Some people say, “You can never go home again.” I do believe this is true to a certain extent!

  9. Amy says:

    Karen, we’ve moved our kids a lot – partly due to the military and partly because we were so flaky once Rob got out. I have a lot of guilt over it, but we plan on staying put for a good, long while now. :-)

  10. Amy says:

    Ahhh, the good live, eh, Flo? I do miss those days…

  11. Amy says:

    Lisa, OMG on the Peeper!! Do you watch Boston Legal, by any chance? ;-)

  12. Amy says:

    Skeet, very true – life goes on, as they say.

  13. I went back into our childhood home, and it was a mistake. Oddly enough, the wallpaper in my parents’ bedroom had not been changed (30 years later…)That gave me a real pang.

  14. Julie says:

    I always wished that my parents were still together and lived in the same house that I grew up in. Do you still have your bedroom?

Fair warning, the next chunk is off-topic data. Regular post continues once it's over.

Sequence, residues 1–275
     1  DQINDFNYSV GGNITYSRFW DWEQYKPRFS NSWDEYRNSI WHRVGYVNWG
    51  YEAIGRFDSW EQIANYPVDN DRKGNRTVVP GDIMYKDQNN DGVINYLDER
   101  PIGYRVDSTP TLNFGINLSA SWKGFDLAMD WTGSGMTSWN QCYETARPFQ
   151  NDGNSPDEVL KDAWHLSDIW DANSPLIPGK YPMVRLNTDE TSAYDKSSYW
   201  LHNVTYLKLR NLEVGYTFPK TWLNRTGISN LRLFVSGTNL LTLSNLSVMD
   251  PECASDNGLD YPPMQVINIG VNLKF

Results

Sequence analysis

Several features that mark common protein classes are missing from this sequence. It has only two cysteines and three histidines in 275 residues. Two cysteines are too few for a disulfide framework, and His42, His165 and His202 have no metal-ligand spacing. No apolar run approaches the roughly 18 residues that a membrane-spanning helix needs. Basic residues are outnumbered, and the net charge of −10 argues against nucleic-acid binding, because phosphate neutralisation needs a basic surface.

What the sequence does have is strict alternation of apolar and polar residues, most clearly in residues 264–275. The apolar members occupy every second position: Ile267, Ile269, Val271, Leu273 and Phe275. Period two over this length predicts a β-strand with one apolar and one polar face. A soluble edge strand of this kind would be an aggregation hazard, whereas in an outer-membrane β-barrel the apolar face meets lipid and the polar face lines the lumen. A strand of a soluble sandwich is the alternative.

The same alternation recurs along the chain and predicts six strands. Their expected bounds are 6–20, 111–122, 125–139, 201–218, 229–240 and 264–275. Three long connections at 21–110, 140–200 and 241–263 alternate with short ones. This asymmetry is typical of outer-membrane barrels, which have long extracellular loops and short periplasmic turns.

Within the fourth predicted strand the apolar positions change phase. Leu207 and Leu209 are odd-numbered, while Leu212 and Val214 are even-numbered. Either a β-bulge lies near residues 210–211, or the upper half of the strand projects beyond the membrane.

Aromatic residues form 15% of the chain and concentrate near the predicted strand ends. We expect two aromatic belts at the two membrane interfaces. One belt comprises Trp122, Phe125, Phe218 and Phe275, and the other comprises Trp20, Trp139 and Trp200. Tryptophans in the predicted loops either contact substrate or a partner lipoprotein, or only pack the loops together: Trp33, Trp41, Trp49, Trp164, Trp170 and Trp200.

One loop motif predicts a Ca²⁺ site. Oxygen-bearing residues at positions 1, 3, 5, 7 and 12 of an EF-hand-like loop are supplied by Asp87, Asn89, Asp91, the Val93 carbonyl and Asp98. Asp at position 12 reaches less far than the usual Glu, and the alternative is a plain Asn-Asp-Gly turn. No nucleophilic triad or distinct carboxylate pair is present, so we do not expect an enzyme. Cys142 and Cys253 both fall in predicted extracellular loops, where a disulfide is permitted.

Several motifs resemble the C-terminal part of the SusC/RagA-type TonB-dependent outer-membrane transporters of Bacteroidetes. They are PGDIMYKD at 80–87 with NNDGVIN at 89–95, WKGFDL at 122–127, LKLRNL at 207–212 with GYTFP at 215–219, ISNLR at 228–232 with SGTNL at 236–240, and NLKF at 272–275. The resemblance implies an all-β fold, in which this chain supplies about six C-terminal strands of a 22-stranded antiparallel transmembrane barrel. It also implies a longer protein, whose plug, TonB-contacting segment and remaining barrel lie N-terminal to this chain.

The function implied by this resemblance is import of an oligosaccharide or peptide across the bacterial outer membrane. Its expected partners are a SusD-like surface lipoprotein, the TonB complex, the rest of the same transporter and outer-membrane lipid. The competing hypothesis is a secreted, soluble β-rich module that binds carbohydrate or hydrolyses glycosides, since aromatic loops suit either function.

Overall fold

15. Amy says:

    lattégirl – how come it was a mistake?

  16. Amy says:

    Yep – it looks way different than it did when I lived there, but the upstairs is all guest rooms now. :-)

  17. Cynthia Blue says:

    When I was a kid in Chicago my Mom knew all the neighbors. Now my husband and I hardly know any of them. It is kinda sad.

  18. suni says:

    I miss that sense of community, too. We had it like that as children. Now we don’t. Now I am scared to death to let my son roam around the corner of the building let alone chat with people down the street. There are very few that I socialize with here, and that is just barely.

  19. Angie says:

    Just reading your post actually made my heartrate go down! I kid you not. I was just freskishly calmed by your descriptions. :)

  20. Deb says:

    We were just talking about this last week, (my family) about how growing up in Pennington, NJ, we knew all our neighbors, we played kickball and tag, and we had block parties and everyone came and knew each other. It was a tight community. When we moved to Levittown, PA…it was becoming more and more 2 working parents, and people were busy. In years living there, we barely knew our neigbhors…and today, I know maybe one neighbor to say hi to.

  21. [...] The carnival is being held at Skeet’s this edition. I submitted my previous post on the neighborhood for inclusion. [...]